B. Case Studies

Restoring ecosystems is THE most urgent & important work that needs to be done overall on the planet.

This Integral Permaculture Designers' Manual is full of regeneration studies. and some of our favourites are linked on this page, below and in the menu  >>

& a few more case studies on this page

do link more that you find inspiring in our FB thread for this subject  >>

How Whales Change Climate

Vídeo de YouTube

Some of the most impactful regeneration work we can do is to protect even a single species that belongs to that ecosystem, as amply illustrated by all the examples above.   This one about whales is a particularly moving one...

When whales were at their historic populations, before their numbers were reduced, it seems that whales might have been responsible for removing tens of millions of tonnes of carbon from the atmosphere every year. Whales change the climate. The return of the great whales, if they are allowed to recover, could be seen as a benign form of geo-engineering. It could undo some of the damage we have done, both to the living systems of the sea, and to the atmosphere.

'No one leaves any more'

“Ninety percent of our youth are here. Compared to nearby villages, the main difference is that ours has become full of water. Because of that they are earning a lot of money from vegetables, livestock fattening and dairy.”

In 2012 the UN recognised the achievements of this village and awarded it the Equator prize: “Abrha We Atsbha has reclaimed over 224,000 hectares of land,” reads the citation. “Tree planting [has] resulted in improved soil quality, higher crop yields, greater biomass production, groundwater functioning, and flood prevention.”

“We worked day and night for the whole community to do two things,” says Abahawi. “Protect the landscape from any free grazing by cattle and treat the whole catchment with trees. We held on to the water and improved water flow and underground water recharge.”


Communities do turn around. Across the world, drylands are the leading source of environmental refugees. Although Ethiopia’s restoration movement may need more scale, the country’s accomplishments give global hope for populations forced to move on by worn-down land.

In Abreha We Atsibha, a tall tree called Faidherbia albida grows amid crops. Grass is lush. Asked about migration, two men cutting grass for stall-fed cows say: “No one leaves this place any more.”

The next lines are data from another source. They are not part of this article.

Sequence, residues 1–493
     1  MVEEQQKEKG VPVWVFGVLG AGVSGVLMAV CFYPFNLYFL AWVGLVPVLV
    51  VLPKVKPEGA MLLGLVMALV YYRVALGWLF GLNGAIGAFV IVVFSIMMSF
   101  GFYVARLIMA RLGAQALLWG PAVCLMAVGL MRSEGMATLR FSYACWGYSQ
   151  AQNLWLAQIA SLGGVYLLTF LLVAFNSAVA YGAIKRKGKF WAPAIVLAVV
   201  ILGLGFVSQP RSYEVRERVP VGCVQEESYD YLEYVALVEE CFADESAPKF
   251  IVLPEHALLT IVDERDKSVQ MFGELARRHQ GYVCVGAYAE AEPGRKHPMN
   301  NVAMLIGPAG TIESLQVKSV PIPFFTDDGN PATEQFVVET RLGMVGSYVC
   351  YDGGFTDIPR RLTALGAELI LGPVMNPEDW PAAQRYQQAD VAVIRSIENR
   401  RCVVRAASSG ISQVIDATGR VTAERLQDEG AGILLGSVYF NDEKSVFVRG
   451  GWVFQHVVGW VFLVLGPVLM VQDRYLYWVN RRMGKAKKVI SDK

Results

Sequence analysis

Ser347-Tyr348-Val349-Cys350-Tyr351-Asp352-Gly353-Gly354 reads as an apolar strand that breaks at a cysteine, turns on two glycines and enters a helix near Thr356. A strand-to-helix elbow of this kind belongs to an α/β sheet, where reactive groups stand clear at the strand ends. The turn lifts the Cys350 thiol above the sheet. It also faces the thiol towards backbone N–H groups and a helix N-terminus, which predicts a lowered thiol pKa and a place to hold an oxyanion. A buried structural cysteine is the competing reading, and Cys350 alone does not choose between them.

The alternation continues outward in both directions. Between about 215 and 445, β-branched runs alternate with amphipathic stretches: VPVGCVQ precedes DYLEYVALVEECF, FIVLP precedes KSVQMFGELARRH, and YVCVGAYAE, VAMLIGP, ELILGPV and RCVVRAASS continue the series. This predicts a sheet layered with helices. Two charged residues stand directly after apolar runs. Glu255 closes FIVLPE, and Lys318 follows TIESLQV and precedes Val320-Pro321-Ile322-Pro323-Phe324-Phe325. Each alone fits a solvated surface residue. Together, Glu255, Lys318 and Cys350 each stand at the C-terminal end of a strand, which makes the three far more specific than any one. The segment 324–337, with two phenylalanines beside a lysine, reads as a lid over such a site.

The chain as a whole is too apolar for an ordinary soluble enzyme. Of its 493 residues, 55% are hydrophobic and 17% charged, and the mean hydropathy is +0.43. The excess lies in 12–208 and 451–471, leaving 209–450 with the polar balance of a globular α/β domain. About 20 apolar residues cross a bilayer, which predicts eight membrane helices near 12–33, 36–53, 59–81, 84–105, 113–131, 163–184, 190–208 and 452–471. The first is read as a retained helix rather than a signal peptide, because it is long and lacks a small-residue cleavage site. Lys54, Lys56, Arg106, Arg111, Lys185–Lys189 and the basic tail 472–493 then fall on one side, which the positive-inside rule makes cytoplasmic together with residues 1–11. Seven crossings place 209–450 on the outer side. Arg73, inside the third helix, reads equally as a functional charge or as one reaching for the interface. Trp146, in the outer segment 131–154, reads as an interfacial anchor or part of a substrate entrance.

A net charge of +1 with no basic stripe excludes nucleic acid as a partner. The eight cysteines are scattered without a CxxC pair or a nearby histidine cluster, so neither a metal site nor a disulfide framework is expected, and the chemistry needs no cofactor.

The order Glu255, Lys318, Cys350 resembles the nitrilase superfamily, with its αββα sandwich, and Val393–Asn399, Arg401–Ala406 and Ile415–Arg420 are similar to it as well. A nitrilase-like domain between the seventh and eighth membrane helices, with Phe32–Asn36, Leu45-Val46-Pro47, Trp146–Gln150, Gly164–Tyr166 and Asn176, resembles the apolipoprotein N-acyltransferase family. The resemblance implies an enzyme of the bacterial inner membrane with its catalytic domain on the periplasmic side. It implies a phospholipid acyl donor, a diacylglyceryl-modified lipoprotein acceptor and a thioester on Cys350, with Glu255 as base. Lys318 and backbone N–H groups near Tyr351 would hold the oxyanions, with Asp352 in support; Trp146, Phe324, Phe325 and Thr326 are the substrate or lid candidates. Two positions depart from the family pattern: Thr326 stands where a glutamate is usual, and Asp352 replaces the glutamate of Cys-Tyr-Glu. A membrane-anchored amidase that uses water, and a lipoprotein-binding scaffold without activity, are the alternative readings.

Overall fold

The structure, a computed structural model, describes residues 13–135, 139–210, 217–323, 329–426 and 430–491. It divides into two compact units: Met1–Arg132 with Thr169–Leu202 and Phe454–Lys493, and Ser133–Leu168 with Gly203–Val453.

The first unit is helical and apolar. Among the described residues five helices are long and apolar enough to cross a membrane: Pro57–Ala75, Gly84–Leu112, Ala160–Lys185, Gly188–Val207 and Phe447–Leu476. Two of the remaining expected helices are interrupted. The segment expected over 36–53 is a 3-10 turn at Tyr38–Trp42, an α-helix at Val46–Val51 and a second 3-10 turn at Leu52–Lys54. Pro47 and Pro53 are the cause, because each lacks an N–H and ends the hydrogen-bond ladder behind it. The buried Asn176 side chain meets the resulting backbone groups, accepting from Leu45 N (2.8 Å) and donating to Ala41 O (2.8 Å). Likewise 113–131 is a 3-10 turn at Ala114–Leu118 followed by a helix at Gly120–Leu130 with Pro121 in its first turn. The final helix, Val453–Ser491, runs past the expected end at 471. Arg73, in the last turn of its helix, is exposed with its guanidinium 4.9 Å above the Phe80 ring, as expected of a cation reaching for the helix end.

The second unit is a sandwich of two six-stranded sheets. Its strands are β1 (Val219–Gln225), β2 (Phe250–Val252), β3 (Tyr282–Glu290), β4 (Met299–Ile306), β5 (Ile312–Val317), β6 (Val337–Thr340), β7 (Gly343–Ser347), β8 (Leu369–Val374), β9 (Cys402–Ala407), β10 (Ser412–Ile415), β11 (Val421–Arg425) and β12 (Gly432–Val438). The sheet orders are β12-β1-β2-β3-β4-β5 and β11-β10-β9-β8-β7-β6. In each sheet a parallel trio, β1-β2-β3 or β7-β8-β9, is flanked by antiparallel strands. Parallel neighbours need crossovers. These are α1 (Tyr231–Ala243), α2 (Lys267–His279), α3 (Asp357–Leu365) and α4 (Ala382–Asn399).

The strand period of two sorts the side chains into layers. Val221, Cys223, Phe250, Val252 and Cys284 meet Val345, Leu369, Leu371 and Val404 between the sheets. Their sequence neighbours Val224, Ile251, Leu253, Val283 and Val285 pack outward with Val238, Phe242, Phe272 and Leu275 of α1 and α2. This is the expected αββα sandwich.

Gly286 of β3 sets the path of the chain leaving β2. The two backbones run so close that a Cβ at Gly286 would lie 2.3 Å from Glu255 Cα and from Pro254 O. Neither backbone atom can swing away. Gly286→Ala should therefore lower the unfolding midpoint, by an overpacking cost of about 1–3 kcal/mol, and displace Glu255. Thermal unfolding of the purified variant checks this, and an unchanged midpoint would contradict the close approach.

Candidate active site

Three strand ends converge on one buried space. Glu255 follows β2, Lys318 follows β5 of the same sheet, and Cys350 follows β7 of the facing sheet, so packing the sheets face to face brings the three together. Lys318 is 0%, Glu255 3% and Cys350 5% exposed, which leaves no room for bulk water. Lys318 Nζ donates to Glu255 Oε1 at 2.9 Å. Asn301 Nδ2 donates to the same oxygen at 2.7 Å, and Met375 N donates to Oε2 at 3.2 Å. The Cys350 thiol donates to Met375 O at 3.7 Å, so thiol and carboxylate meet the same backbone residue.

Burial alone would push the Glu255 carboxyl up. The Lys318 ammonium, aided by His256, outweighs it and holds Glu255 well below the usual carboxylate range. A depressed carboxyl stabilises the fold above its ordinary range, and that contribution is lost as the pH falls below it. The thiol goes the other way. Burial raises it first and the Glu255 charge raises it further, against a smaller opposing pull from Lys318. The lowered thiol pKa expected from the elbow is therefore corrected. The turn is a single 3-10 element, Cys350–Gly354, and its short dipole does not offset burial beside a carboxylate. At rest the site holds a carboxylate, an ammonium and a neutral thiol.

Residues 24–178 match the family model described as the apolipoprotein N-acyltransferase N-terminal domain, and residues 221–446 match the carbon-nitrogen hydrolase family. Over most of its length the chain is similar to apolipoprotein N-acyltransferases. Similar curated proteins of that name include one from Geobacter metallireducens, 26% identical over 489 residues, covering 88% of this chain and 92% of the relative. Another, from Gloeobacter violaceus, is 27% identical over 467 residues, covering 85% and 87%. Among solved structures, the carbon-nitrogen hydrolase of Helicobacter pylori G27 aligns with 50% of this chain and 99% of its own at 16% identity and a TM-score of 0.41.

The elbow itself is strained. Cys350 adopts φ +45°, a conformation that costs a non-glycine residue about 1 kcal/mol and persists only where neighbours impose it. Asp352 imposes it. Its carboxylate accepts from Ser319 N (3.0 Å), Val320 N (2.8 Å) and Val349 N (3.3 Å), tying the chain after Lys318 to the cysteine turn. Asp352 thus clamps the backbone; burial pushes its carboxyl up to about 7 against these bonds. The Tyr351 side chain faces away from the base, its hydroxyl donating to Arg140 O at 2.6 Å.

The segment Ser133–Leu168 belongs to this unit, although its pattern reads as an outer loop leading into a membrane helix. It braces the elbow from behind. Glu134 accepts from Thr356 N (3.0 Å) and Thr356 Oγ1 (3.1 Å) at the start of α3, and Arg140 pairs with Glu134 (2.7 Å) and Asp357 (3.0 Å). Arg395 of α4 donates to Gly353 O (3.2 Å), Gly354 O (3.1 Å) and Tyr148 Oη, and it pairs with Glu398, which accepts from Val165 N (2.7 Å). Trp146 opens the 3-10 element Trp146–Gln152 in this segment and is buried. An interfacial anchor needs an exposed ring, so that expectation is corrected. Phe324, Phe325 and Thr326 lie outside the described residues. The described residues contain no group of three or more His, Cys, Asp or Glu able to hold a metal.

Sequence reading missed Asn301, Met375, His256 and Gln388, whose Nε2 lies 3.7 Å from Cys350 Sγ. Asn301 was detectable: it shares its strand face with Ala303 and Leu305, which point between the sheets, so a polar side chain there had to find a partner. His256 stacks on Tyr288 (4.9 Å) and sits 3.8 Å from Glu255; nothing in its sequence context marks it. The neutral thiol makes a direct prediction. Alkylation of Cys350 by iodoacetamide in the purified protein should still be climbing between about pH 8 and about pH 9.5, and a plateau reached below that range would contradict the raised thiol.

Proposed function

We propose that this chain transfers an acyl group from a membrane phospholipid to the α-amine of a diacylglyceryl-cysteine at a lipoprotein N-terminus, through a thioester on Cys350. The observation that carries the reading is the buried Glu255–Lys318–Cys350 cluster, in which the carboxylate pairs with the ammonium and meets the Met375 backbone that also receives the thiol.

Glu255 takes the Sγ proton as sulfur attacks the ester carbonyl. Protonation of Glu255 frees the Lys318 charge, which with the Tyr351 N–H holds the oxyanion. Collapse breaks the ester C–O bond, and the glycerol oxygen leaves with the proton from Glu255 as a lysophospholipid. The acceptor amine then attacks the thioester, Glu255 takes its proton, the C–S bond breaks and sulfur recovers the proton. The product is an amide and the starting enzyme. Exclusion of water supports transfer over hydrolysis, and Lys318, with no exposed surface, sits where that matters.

Read full article here in the Guardian

Sustainable Living through Permaculture Systems

Warren Brush (Exec. Dir., Quail Springs Permaculture Gardens) guides us through the various interdependent sustainable living & food production systems at Quail Spring Permaculture Gardens & Sustainable Living Facilities (Maricopa, Ca.). Produced for public television by Barrett Productions, Ventura, Ca. More info www.quailsprings.org

"Permaculture Trio"

Forest Gardening, Edible Landscapes & Urban Permaculture

United Kingdom examples

This video consists of three mini-documentaries:

1. (0:12) FOREST GARDENING with Robert Hart
Find out loads about what forest gardening is, and how to make your own! 

2. (15:55) PLANTS FOR A FUTURE with Ken Fern
Second is an amazing case study about Rural Permaculture in Britain, showcasing loads of amazing edible plants, aquaculture and flowers, as well as fantastic medicinal plants. Look out for a cure for female infertility that's dropped in here!

3. (32:08) URBAN PERMACULTURE with Mike & Julia Guerra
This is a brilliant and inspiring documentary of permaculture techniques used effectively in an urban back garden. WIth little more than 2 hours of work a week, this couple produce about a fifth of their food intake!

Case Studies

There's a dialogue related to this page in the Integral Permaculture FB group (click icon to go there)

There's a dialogue in our FB group about this subject (click icon to go there)